If someone thinks your actions or words have something to do with race, it probably does, be sure that it’s not your job to convince them that they’re delusional

As I write this I wonder if there is a cure. Is there a cure for the “good” guy or the benevolent racist? I suppose to start thinking about a cure, one first needs to start by acknowledging the problem and I guess we all have a part to play in this cure. For me the message is clear, whether you think of yourself as “good” or not, whether you have good intentions or otherwise, outcomes and consequences matter. They matter far more than what we think of ourselves or what we wanted to achieve. So, I present to you this idea that is as startling in its simplicity as it is difficult to do, when faced with a situation where you see bias, confront it. When faced with a situation when someone calls you out on your bias, listen. When I say confront it, decide for yourself what that means, even if it is an acknowledgement to yourself about your own discomfort, it’s better than ignoring it. When I say listen, I mean, don’t defend yourself, ask the person talking to say more, maybe take some time to think about your actions. If someone thinks your actions or words have something to do with race, it probably does, be sure that it’s not your job to convince them that they’re delusional. If someone says something that makes you feel guilty about your privilege that’s on you, not them. You do not get a get out of jail free card no matter who you are or what wonderful things you’re doing with your life.

I don’t believe that we are either good or bad. We are entire beings who sometimes do good things and who sometimes don’t. We are more than the sum of those actions. But, for goodness sake, if you must insist on being the “good” guy or protecting one, then at least change your definition of what that means. A real good guy is one who is able to acknowledge his or her own bias. A real good guy knows that he will mis-step. A real good guy knows that she will get it wrong sometimes and who isn’t afraid of holding up the mirror to herself. Most importantly, a real good guy isn’t willing to hide behind being the “good” guy, he knows that won’t get us anywhere.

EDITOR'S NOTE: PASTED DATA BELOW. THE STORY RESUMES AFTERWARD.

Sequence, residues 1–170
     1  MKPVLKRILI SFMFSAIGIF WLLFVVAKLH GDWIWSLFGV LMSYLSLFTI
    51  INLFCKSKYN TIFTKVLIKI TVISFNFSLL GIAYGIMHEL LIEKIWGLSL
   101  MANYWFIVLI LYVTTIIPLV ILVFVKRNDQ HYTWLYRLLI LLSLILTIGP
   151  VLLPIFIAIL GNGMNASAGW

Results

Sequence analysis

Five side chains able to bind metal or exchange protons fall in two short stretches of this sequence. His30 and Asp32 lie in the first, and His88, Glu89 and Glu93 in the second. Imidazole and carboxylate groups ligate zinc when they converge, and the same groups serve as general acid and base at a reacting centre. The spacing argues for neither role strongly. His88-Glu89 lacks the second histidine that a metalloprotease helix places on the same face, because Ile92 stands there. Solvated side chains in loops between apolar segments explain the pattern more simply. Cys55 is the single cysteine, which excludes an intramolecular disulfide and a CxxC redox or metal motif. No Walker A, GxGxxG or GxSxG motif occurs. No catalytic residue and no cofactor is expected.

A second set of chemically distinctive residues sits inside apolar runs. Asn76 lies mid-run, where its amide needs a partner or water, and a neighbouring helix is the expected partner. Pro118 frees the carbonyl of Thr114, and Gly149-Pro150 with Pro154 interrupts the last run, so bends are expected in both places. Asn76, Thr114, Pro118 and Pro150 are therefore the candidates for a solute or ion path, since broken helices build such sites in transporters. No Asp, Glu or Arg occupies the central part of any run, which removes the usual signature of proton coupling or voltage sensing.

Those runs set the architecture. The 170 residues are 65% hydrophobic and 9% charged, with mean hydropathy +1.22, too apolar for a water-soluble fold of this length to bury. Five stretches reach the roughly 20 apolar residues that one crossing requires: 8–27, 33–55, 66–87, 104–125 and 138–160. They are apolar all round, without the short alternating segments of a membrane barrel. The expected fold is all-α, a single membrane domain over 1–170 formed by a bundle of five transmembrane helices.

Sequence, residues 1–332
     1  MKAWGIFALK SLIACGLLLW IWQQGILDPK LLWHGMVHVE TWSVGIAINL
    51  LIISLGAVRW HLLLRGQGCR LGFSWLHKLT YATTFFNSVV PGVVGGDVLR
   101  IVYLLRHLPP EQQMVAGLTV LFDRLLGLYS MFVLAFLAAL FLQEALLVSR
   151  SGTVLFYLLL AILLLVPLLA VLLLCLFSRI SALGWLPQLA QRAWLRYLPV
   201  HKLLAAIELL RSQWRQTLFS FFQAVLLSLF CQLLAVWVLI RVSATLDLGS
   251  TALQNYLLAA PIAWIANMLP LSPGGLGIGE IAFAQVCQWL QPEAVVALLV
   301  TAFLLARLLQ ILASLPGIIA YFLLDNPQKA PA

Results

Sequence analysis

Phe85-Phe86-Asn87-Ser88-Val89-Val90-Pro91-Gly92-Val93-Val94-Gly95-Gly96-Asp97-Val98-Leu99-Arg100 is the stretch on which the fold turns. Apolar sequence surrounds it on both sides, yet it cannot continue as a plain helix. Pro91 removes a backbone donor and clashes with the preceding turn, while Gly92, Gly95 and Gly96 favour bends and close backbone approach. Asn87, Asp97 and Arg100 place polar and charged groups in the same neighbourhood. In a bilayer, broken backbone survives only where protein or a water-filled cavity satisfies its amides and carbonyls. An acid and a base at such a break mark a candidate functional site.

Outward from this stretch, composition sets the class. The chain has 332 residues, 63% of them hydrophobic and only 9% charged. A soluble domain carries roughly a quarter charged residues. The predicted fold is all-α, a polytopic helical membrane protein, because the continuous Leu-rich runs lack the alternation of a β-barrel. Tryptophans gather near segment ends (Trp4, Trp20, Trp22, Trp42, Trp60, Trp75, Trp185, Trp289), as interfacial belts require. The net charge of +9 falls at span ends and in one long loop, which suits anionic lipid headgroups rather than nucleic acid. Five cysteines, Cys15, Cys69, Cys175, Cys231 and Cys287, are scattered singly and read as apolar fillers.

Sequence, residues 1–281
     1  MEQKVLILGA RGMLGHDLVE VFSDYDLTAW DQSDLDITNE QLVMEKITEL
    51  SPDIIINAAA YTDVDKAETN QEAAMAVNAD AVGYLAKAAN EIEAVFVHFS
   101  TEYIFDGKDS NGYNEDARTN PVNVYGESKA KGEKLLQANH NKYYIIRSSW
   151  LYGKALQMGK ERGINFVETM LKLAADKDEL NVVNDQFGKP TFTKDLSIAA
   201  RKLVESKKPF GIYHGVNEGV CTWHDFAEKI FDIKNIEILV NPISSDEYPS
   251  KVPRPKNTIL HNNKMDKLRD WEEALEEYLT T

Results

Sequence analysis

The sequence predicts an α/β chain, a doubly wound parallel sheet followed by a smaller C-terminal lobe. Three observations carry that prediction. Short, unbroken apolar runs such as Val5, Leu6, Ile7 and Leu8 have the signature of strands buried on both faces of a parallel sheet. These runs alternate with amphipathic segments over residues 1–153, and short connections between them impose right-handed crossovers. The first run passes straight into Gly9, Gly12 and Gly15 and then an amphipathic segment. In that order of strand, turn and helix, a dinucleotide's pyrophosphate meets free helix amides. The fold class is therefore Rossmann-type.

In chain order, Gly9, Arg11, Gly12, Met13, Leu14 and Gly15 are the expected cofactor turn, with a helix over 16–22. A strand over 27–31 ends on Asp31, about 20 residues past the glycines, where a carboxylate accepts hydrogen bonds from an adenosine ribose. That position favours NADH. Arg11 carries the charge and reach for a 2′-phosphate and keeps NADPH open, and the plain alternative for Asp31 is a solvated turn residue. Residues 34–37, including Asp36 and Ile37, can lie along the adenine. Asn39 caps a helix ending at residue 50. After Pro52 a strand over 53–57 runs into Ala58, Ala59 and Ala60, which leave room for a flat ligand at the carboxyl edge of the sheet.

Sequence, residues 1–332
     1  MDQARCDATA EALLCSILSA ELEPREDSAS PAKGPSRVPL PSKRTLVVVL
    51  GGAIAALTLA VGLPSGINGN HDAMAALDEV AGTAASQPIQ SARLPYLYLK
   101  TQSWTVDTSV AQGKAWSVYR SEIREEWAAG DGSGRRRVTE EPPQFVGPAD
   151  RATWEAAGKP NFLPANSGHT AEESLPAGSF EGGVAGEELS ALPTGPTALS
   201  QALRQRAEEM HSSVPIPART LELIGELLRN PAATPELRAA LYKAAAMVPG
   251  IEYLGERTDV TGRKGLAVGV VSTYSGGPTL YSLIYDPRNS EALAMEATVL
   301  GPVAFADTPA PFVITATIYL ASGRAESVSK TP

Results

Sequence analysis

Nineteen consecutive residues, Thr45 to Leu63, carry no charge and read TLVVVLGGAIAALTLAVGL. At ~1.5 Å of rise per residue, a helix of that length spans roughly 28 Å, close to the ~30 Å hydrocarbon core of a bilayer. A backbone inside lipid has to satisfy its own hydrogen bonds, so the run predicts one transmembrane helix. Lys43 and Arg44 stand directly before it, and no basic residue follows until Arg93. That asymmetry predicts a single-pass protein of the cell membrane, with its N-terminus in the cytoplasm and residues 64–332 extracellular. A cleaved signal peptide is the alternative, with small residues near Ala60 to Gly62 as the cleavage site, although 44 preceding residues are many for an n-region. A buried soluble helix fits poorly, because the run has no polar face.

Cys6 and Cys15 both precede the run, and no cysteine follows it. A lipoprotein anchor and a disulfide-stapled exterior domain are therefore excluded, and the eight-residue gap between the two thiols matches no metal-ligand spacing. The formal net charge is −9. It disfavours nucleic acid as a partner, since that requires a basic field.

Talking to White People About Curry

Two things. One, this is a rant, its prone to be a bit snarky and sarcastic and boy am I going to over-exaggerate. And two, I get it, seriously I do. Even as someone who did not grow up eating curry, I can still appreciate the flavour and how the smell of a curry is probably one of the most comforting and enticing aromas in the world. So, curry is phenomenal, no arguments there. It’s not curry that I have a problem with, it’s not even talking about curry that I have problem with. What irks me is the unimaginative, lazy assumption that a brown skinned person such as myself is a chilli loving, curry munching, cutlery adverse Indian (for record, I am, happily so). It’s not so much that I am not those things, I am those things. But that’s not all I am, and the fact that that needs to be stated says something about how little respect is present during these exchanges. Now, I’m not saying don’t judge me, I’m not saying that you should short wire the thing in your brain that sees me and connects the dots to Bollywood movies, curry and my propensity to ask for a discount. No, go ahead do all of that, but please, for goodness sake, can you just keep it to yourself?

Most days, if we’re talking about curry, I’ll offer to give you a fool proof recipe, and if I like you enough, I’ll even share my spices. But what really gets my goat is how so very, very often, someone I’ve known for all of five seconds starts talking to me about curry. Whether it’s about a new Indian restaurant that opened in some obscure location that I’ve never been too (sorry my curry radar must have malfunctioned on that one) or about how they have a curry recipe book from Durban (with recipes from white people in the book-gasp). And of course, I am the “heat police” so these people are also often the ones who tell me how they love a “hot” curry but at how their son/daughter/neighbour’s cat can’t so much as look at a pepper without their eyes watering. Man, it frustrates me. It frustrates me that when these human-like creatures see me, they’re too lazy to do anything other than shove a stereotype at me and expect my gratitude. What am I supposed to say? Thank you, Baas, for even taking notice of me and talking about something my little Indian mind can understand- curry. I would be lost without your kind words.